IFSformula evaluates multiple conditions and returns a corresponding value for the first condition that is true. It is commonly used as a more concise alternative to nested
- How to use
- Examples of using
IFSformula not working?
- Similar formulas to
IFS formula with the syntax shown below, it has 2 required parameters:
- condition1, condition2, ... (required):
The conditions to evaluate. Each condition should be a logical expression that returns either
- value1, value2, ... (required):
The values to return if the corresponding condition is true.
ExamplesHere are a few example use cases that explain how to use the
IFSformula in Google Sheets.
Return a grade based on a score
IFS to return a letter grade based on a numerical score. For example, if the score is greater than or equal to 90, return an A; if it is greater than or equal to 80, return a B; and so on.
IFS to categorize expenses based on their amount. For example, if the expense is less than $50, categorize it as a minor expense; if it is greater than or equal to $50 but less than $100, categorize it as a moderate expense; and so on.
Calculate shipping costs
IFS to calculate shipping costs based on the weight of an item and the destination. For example, if the weight is less than 1 pound and the destination is within the United States, the shipping cost is $5; if the weight is between 1 and 5 pounds and the destination is within the United States, the shipping cost is $10; and so on.
IFSnot working? Here are some common mistakes people make when using the
IFSGoogle Sheets Formula:
Incorrect number of arguments
One of the most common mistakes is to provide an incorrect number of arguments to the IFS formula. Make sure that you provide at least one condition-value pair and that each condition is followed by a corresponding value. Also, note that the maximum number of conditions that can be evaluated is 127.
Condition not met
Another common mistake is to provide conditions that are not met. If none of the conditions are met, the formula will return an error. Double-check your conditions to make sure they are correct and that they cover all possible scenarios.
Make sure that you provide the correct syntax for the IFS formula. The syntax requires that you provide at least one condition-value pair, and that each condition is followed by a corresponding value. Also, make sure that you separate multiple condition-value pairs with a comma.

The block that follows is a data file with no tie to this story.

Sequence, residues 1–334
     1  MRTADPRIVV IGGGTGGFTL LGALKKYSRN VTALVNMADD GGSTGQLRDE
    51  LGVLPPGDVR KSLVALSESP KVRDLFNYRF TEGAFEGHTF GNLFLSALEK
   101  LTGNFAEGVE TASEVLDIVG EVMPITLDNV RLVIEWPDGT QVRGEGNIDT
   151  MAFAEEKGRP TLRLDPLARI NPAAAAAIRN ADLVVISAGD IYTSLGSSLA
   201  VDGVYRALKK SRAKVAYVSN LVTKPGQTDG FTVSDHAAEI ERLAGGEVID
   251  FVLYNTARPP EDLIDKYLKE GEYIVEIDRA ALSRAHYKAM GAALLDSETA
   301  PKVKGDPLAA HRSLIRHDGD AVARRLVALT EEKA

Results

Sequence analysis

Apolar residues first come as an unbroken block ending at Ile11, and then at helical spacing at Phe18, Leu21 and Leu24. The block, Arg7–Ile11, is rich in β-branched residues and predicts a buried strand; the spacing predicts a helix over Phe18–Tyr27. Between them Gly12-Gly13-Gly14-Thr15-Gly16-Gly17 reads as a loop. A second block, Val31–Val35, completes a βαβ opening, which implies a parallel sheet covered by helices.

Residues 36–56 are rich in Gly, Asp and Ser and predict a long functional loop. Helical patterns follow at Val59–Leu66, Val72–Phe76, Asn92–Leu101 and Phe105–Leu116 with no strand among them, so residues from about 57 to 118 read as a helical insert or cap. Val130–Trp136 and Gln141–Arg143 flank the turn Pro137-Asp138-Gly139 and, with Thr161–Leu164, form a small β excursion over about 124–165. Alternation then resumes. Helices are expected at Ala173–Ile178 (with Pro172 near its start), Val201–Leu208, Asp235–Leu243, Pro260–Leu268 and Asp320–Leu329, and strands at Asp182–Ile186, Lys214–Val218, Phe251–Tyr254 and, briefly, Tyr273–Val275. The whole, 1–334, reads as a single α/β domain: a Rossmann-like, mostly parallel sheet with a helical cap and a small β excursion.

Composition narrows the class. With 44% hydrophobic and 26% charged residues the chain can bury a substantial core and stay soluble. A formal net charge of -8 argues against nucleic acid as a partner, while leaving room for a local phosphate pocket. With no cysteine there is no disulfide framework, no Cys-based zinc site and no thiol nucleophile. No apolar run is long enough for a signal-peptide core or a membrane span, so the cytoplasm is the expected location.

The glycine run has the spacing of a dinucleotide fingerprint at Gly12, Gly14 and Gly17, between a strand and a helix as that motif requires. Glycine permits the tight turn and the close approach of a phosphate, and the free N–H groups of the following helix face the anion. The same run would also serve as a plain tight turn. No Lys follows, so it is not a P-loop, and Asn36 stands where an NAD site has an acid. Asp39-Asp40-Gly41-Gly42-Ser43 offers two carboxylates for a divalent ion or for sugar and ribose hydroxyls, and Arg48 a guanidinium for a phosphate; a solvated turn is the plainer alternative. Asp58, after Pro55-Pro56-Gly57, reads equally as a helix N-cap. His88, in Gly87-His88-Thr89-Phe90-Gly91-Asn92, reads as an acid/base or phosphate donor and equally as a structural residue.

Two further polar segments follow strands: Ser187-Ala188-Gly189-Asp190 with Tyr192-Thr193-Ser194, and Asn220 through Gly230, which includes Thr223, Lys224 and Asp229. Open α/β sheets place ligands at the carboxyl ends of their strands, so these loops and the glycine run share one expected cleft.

Nested IFS functions
Avoid using nested IFS functions as they can quickly become complex and difficult to manage. Instead, consider using other logical functions such as IF, AND or OR.
Wrong data type
Make sure that the data type of the conditions and values you provide is correct. For example, the condition must be a logical expression that evaluates to either true or false, and the value can be any data type.
The following functions are similar to
IFS or are often used with it in a formula:
IFformula is a logical function used to test a condition and return one value if the condition is true and another value if the condition is false. It is commonly used to create conditional statements and perform calculations based on certain conditions.
SWITCHformula is a logical function in Google Sheets that allows you to evaluate an expression against a list of cases and corresponding values. If the expression matches a case, the formula returns the corresponding value. If there is no match and a default case is specified, the formula returns the value for the default case. This function is commonly used for conditional formatting, data validation, and other tasks that require evaluating multiple conditions.
ANDfunction in Google Sheets is a logical function that returns TRUE if all of the logical expressions in the argument are TRUE, and FALSE if any of the logical expressions are FALSE. It can be used to test multiple conditions and evaluate whether they are all true or not.
ORformula is a logical formula that returns TRUE if at least one of the provided logical expressions is TRUE. It returns FALSE if all logical expressions are FALSE. This formula is commonly used in conjunction with other logical formulas, such as
AND, to build more complex logical statements.
You can learn more about the
IFS Google Sheets function on Google Support.